iconimg Tuesday, April 21, 2015

Megha Mishra, IANS
New Delhi, June 16, 2010
More and more students may be opting for English literature and media studies in Delhi University, but if you happen to see a GenY girl or boy with a book outside class, chances are it'll be pulp fiction. According to a random survey by IANS, students, in their leisure time, don't really go for great literary works and instead prefer easy reading.

"I can't call myself an avid reader. I think one has to squeeze in time to read, but academic pressure ensures that we adhere to scholastic modules. That pressure to perform is mind-boggling," Lovingson Mathew, an applicant for the media studies programme in a college in Delhi University's south campus, told IANS.

"Rather, youngsters are interested in reading the latest pulp fiction," said Mathew, who has read all of Chetan Bhagat's books and other college sagas. "These books are easy to read. My friends read the same," she said.

Meghna Nanda, who wants to study journalism for her bachelor's degree, began with Hardy Boys in Class 6 and 7, and has just finished reading the contemporary romance, "A Walk To Remember", by Nicholas Sparks.

So move over Shakespeare, Dickens and Chekov. Pulp fiction and even personality development and self-help books are in. And this is ironically true of journalism and English literature aspirants too.

"One cannot be a journalist without reading. Reading magazines and newspapers should be a daily routine," said Tarjeet Sabharwal, a professor of journalism, Delhi College of Arts and Commerce.

"People these days do not want to read. Colloquial literature cannot impart the skills needed for such courses," Sabharwal told IANS.

Some begin to read books beyond their academic texts as late as in Class 10 or in some cases after their Class 12.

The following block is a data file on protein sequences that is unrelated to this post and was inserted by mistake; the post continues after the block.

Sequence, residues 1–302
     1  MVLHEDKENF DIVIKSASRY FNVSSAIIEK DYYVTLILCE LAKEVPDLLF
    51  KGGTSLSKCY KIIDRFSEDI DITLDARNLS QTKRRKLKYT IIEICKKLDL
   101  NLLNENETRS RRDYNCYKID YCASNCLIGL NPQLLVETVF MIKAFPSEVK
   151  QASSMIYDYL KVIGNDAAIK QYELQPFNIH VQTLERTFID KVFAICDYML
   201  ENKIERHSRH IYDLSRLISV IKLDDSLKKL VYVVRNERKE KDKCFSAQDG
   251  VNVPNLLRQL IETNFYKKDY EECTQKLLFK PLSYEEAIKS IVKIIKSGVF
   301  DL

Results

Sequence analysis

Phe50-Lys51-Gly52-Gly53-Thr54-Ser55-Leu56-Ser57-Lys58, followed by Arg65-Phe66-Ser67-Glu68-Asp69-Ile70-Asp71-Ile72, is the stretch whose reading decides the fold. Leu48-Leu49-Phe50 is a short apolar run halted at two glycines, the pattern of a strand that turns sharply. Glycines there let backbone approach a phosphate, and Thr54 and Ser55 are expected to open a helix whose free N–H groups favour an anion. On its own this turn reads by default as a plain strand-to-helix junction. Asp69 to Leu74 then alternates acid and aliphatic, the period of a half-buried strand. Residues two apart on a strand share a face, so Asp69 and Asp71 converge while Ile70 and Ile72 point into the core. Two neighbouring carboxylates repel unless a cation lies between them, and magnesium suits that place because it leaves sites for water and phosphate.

Nikita Gulliya, an aspiring student of journalism at Delhi University, told IANS: "I started with 'Goosebumps' in Class 10 and then moved on to the 'Twilight' series. I also read Chetan Bhagat and Sidney Sheldon."

Delhi University aspirant Sanskriti Chawala told IANS: "I have never read a book in my life other than school course books. Finishing my course books takes all my time."

Mittali Mishra, professor of English at Lady Sri Ram College, feels the course curriculum in school does not encourage the reading habit. "The Central Board of Secondary Education does not inculcate the habit of reading among students," said Mishra.

"Reading has also taken a backseat because of technological advancement and internet. Knowledge can be accessed at the click of a mouse, why read?" she said.

Kohinoor Pundir, a BSc honours applicant, said: "I hardly get time to even think of anything else but mathematics. I can't even think of reading story books."

Personality development and self-help books find more takers among the young than literature. Jyoti Mathur, a BCom honours aspirant, has read "How To Influence Others" and looks for similar books.

"Self-help books help one to become organised," Mathur said.

Sophomore Meenakshi Nag read Enid Blyton in Class 3, but the number of novels she has read so far stands at 50.

(Megha Mishra can be contacted at mishra.megha09@gmail.com)